The fact that these charges is noteworthy not the least bit because it comes at the same time that the Trump Administration generally, and President Trump in particular, have taken the position that there is no substance to the entire Russia investigation and their insistence that the media should instead be paying attention to long-ago debunked charges against Hillary Clinton related to the sale of an interest in a Canadian company called Uranium One to a Russian corporation. That assertion has always been nonsense, of course, not the least because of the fact that seventeen separate American intelligence or law enforcement agencies have said that the Russians did in fact attempt to interfere with the Presidential election, and the evidence to support that conclusion continues to mount day after day. Bringing formal charges, though, would most certainly put the lie to the Trump Administration denials and efforts to deflect attention from the ongoing investigations.

To be fair, it should be noted that these charges would not appear to go to the issue of potential collusion between the Trump Administration and Russian officials or interests in connection with the election. That is something that is largely the subject of Robert Mueller’s investigation, and which plays a central role in the charges filed earlier this week, especially those against former Trump foreign policy adviser George Papadopoulos, who the Trump Administration has dismissed as a low-level volunteer but who was apparently in close contact with top-level officials in the Trump campaign regarding his contacts with Russia regarding the election. Nevertheless, these charges would, along with those brought by Mueller, bring the Russia investigation to an entirely new level and the charges filed against them could end up providing several important clues about where Mueller’s investigation is headed as well as shedding yet more light on exactly what Russia was up to last year and what impact it may have had on the election itself.

FILED UNDER: Crime, Law and the Courts, National Security, US Politics, , , , , , , , , , , , , , ,
Doug Mataconis
About Doug Mataconis
Doug Mataconis held a B.A. in Political Science from Rutgers University and J.D. from George Mason University School of Law. He joined the staff of OTB in May 2010 and contributed a staggering 16,483 posts before his retirement in January 2020. He passed far too young in July 2021.


  1. Mark Ivey says:

    AG Sessions will say: Nyet….

  2. Tony W says:

    It’s like they are just begging for another Saturday Night Massacre

  3. James Pearce says:

    Nevertheless, these charges would, along with those brought by Mueller, bring the Russia investigation to an entirely new level and the charges filed against them could end up providing several important clues about where Mueller’s investigation is headed as well as shedding yet more light on exactly what Russia was up to last year and what impact it may have had on the election itself.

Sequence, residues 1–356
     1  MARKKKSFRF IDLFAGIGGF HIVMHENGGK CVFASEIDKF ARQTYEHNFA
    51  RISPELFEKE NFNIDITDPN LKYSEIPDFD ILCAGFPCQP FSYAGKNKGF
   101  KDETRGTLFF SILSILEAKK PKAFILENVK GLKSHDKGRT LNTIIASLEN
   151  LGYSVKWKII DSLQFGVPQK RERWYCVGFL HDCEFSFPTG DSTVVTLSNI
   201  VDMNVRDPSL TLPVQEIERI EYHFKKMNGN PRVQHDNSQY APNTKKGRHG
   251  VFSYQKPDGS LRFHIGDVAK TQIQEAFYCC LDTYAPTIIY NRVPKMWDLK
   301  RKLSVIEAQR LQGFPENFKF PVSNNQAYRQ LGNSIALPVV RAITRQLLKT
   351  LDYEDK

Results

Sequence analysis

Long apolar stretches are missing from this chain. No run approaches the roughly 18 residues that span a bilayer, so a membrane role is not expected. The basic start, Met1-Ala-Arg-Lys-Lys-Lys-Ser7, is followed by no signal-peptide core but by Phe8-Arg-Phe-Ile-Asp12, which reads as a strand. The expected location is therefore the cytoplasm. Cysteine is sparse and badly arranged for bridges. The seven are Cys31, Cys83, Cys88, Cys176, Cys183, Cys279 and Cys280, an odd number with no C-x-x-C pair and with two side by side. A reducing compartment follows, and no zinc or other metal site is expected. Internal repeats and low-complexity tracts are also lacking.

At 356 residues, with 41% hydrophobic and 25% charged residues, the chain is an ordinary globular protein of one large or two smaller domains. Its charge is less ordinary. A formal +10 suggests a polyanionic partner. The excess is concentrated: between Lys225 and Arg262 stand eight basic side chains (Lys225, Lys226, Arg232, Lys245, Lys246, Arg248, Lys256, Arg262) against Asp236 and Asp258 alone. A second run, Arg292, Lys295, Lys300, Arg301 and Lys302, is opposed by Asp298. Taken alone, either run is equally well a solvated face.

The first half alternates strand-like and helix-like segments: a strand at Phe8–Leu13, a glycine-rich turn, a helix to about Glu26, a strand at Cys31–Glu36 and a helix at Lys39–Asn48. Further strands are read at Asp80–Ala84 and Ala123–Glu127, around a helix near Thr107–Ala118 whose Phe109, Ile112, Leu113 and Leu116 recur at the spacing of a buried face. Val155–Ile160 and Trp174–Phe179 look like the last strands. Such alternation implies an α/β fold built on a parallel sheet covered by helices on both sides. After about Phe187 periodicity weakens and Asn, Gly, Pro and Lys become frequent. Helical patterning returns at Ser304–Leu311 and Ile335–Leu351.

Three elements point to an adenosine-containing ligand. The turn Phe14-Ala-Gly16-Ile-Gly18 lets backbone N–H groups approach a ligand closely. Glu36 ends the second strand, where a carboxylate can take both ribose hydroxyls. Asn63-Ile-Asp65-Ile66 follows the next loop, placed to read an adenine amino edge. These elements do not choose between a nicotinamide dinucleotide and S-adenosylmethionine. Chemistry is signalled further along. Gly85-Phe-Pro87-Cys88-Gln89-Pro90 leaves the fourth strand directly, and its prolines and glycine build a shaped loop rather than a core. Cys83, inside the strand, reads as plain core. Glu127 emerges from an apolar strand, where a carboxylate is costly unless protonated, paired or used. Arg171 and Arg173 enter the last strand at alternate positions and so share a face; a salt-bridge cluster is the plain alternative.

What Russia was up to last year:

    Sabotaging our politics so that we can spend the next 4-8 years debating Trump’s obsessions and the tweets he writes about them, adding another “lost” decade to the decades of stagnation we’ve already experienced.

  4. Tony W says:

    @James Pearce: Here’s the thing, that’s not their end game. That division was going to happen regardless of who won.

    Russia’s end game is that they wanted an easy-to-manipulate POTUS, preferably one with some serious financial obligations to the Russian mafia. Say what you will about her political skills, but those qualities were absolutely not available with Hillary Clinton.

  5. James Pearce says:

    @Tony W:

    Russia’s end game is that they wanted an easy-to-manipulate POTUS, preferably one with some serious financial obligations to the Russian mafia.

    Maybe, but the risk/reward doesn’t make sense for some gangsters.

    Russia has this weird thing where they think they’re superior to nearly every other country on earth but deep down, they know they’re not.

  6. Jen says:

    Russia’s end game is that they wanted an easy-to-manipulate POTUS, preferably one with some serious financial obligations to the Russian mafia.

    I’m not so sure this is the endgame so much as a bonus. I am spectacularly creeped out by even the moderate success the Russians saw in organizing protests via Facebook. This has a very, very sinister psychology tint to it. They can quickly throw gas on fires of small issues, making them bigger. Inciting violence isn’t too far behind.

    This could lead to calls to regulate and/or clamp down on social networks, something that the Russians would be just fine with–it would allow them to further control and squash dissent in their own country. The election of 2016 could well be the first cyber-shot fired in a longer war on global free speech. That could embolden Putin to his real end, which is breaking up the cohesion in the West, and reestablishing control over countries and regions he’s still ticked about losing after the Cold War ended.

    Re-reading the above, it sounds pretty paranoid, but I wouldn’t put anything past a former KGB officer.

  7. Daryl's other brother Darryl says:

    So a major adversary attacks us, continues to attack us, and in response we file some charges against some low level people; charges that will never, ever, amount to a hill of beans.
    Is this what the Fat Orange Blob was talking about when he says he is a big strong leader?
    So much strength, I’m tired of all the strength.

  8. michael reynolds says:

    The Russians correctly assessed the intelligence of the American voter and exploited it to elect a man they knew would be tractable.

  9. Tom Ersin says:
  10. Tyrell says:

    @Tom Ersin: I had not ran across that news outlet before, but now I will take a look at it more. I cut loose the main stream news some time ago. Too much hollering at guests, at each other, slanted opinions, and the non-professional conduct. A far cry from what we grew up with: Conkrite, Brinkley, Kuralt.
    Try NewsEla, USA Today, Popular Science, Channel One. These give facts, not a bunch of opinions.